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Old 11-24-2017, 08:54 AM   #12
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The problem with inshore trolling along the ICW is that most of the time you are moving too fast. You really need to be down around 4 or 5 knots to do much trolling inshore. Offshore you can troll faster.
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Old 11-24-2017, 09:10 AM   #13
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Not only will you need a license in each state, you will have to know the rules in each state. What time of year each fish is legal to keep and what size range. I believe in some cases you are lot allowed to cut up a caught fish until you are back on land (a problem for someone cruising).
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Old 11-24-2017, 09:23 AM   #14
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For simple tackle and easy fishing, I'd stick with a saltwater bottom rig and various cut bait and Night Crawlers. In the canal part of the "Loop", in the warm months, you are liable to catch mostly little fish...ie, baby croaker, spot, scup, porgy, flounder, etc. As it gets less brackish to fresh, you'll start picking up catfish and perch. I've seen people catch bass on bottom rigs and earthworms at the "Locks" of Great Bridge.

In the fall, speckled trout, larger croaker, spot, puppy drum, and stripped bass will start moving south and can be caught on the same rig with the right bait.

Just in general, for NC and VA, in my experience...your free 2 cents
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Old 11-24-2017, 10:34 AM   #15
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Thanks for all the good idea.

Goal is not to make this a hassle. Fishing would just be an add-on to trolling along the intercoastal. Not a stand alone activity. I'm not going to hire a charter or guide specifically for a fishing trip, but would certainly like local knowledge.
Well, it won't be a hassle that way because not likely to catch much. Two ways to get local knowledge then. One is by spending the night at the marina most popular with fishermen. Second way is by googling the area and fishing reports and you should find one or more fishermen with reports. For instance google "Ocracoke Fishing Reports" and you'll quickly see a dozen or more. Now also many states have reports. Here's one for NC. NC Fishing Reports at Fishing-NC.com: North Carolina Saltwater Fishing Reports . Going to these reports can often show you what is being caught and how.
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Old 11-24-2017, 10:48 AM   #16
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Does anyone know of a site that gives a list of licensing in each state? Do most states exempt seniors? And do most states have an option for an electronic card (no snail mail required)?
No, most states do not exempt seniors.

Most states do have online capabilities although some are time consuming. Some also have multiple licenses. For instance, NC requires a separate one for inland vs. coastal.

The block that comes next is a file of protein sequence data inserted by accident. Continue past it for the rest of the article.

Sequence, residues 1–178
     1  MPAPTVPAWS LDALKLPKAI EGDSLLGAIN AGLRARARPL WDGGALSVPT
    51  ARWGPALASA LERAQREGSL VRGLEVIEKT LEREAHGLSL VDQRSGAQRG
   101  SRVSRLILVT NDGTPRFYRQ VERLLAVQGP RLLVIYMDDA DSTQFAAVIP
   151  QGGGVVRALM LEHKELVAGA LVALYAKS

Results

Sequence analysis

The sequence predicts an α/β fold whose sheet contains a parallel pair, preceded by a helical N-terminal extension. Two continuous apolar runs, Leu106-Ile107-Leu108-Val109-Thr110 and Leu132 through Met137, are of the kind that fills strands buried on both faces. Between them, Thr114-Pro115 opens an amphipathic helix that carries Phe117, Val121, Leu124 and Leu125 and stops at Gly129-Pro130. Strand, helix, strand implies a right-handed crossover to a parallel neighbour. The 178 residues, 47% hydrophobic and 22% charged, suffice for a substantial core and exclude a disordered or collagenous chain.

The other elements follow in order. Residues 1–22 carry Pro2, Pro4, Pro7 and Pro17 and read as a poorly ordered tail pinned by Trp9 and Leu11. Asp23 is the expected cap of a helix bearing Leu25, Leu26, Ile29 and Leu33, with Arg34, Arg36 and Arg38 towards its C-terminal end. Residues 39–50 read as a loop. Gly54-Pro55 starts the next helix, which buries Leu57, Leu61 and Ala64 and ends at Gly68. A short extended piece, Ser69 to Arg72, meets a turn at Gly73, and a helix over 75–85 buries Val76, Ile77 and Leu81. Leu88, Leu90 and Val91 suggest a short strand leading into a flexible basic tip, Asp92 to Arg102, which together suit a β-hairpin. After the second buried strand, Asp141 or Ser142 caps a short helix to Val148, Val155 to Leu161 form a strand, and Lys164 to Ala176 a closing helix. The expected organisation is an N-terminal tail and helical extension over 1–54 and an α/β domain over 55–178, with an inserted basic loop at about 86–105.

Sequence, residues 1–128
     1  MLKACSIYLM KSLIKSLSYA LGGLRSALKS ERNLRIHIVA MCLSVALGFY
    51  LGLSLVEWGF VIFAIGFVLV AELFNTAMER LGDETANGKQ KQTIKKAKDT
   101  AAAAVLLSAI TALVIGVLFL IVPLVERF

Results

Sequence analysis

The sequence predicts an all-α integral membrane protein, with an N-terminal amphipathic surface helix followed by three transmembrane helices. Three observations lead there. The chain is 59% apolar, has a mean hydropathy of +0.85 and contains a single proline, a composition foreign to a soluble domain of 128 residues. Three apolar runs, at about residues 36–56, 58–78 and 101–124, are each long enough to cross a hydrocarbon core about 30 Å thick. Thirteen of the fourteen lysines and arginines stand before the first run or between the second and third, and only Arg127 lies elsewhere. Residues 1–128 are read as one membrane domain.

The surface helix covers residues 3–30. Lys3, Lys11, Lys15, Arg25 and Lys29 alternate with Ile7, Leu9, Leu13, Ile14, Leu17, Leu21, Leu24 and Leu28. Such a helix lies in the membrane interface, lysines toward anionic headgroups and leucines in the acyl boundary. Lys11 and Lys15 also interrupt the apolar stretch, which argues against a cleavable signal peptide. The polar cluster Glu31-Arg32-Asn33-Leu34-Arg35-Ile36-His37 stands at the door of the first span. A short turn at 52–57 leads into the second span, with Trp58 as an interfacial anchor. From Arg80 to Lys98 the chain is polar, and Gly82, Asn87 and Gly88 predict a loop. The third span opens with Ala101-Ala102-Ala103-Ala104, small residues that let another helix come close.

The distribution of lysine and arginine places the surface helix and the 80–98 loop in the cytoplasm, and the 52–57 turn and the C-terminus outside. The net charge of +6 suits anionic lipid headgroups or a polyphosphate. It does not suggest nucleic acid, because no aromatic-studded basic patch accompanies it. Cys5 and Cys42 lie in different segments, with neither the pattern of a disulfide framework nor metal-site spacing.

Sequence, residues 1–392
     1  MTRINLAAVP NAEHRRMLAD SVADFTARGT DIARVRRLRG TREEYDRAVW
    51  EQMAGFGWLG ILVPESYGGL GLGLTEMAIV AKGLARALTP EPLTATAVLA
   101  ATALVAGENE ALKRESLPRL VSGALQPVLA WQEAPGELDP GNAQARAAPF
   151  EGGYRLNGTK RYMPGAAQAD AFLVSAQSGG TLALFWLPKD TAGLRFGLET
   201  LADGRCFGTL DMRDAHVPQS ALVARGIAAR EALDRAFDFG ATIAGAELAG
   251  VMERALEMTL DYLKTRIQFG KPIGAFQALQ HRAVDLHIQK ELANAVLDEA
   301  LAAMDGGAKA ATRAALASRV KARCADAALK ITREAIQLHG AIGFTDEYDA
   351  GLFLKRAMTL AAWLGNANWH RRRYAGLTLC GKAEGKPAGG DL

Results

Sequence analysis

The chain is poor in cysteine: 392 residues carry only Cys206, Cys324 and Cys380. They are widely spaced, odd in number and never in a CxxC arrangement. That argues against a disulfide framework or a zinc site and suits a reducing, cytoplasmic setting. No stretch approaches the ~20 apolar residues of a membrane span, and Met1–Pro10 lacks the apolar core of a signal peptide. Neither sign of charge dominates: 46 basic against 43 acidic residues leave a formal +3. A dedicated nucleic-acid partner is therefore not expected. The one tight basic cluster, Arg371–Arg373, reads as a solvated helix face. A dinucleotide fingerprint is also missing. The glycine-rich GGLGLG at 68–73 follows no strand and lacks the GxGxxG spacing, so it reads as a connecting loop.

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Old 11-24-2017, 11:25 AM   #17
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I suggest when you get to an area known for good fishing, like anywhere in Florida, hire a guide. That avoids the need for a local license and the guide will provide all of the equipment you need. You're actually much more likely to catch a fish with a guide.

Florida exempts senior residents from the need for a license. I don't know about senior visitors.
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Old 11-24-2017, 12:49 PM   #18
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Not trying to hijack the thread on loop fishing but if your more than 3 miles out your in federal waters. Do you need a fishing license if you land and consume the fish before heading back into state waters? What about if your more than 12 miles out in international waters? Or is it 200 miles out?

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Old 11-24-2017, 01:33 PM   #19
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Not trying to hijack the thread on loop fishing but if your more than 3 miles out your in federal waters. Do you need a fishing license if you land and consume the fish before heading back into state waters? What about if your more than 12 miles out in international waters? Or is it 200 miles out?

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If caught and consumed in federal waters...then fed regs apply.

Once in state waters, state regs apply.

Unless targeting illegal species, or violating federal regs beyond 3 miles, catching and cleaning to freeze, refrigerate would be about 99.9% safe in my recreational and professional experience.

Alaska is a different animal though...
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Old 11-24-2017, 05:40 PM   #20
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To be legal should the law show up your only allowed to gut and gill bleed the fish so they can id species and length of the catch.